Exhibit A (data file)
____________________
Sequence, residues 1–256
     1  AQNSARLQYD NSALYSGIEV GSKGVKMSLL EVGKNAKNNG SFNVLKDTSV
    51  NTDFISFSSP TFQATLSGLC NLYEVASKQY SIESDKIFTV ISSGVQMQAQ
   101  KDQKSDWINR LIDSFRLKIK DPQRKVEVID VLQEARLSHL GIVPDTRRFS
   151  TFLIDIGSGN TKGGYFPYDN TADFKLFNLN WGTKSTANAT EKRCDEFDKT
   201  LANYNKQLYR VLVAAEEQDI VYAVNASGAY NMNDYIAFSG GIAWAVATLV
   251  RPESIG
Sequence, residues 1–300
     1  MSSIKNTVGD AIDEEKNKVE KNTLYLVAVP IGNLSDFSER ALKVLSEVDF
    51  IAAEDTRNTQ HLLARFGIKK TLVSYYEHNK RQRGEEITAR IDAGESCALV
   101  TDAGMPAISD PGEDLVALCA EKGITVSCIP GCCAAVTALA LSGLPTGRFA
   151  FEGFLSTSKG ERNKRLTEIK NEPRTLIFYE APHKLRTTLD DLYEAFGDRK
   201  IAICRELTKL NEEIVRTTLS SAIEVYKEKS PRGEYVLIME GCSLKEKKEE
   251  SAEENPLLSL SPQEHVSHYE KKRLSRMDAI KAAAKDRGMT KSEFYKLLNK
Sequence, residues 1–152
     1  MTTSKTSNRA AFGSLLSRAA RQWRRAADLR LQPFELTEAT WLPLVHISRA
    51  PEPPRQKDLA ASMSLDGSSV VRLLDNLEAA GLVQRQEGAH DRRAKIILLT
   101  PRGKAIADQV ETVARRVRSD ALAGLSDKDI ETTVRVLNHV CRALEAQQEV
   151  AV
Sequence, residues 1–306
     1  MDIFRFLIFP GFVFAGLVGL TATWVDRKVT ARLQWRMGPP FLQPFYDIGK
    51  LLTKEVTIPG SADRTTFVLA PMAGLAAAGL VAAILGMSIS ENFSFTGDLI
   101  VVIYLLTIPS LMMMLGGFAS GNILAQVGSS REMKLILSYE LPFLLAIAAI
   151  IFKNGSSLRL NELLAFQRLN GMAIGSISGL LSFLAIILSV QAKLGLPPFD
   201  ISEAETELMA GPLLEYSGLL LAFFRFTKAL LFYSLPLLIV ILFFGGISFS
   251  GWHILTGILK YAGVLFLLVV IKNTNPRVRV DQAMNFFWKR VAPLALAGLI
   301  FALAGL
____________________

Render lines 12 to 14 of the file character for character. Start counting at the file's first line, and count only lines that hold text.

   151  FEGFLSTSKG ERNKRLTEIK NEPRTLIFYE APHKLRTTLD DLYEAFGDRK
   201  IAICRELTKL NEEIVRTTLS SAIEVYKEKS PRGEYVLIME GCSLKEKKEE
   251  SAEENPLLSL SPQEHVSHYE KKRLSRMDAI KAAAKDRGMT KSEFYKLLNK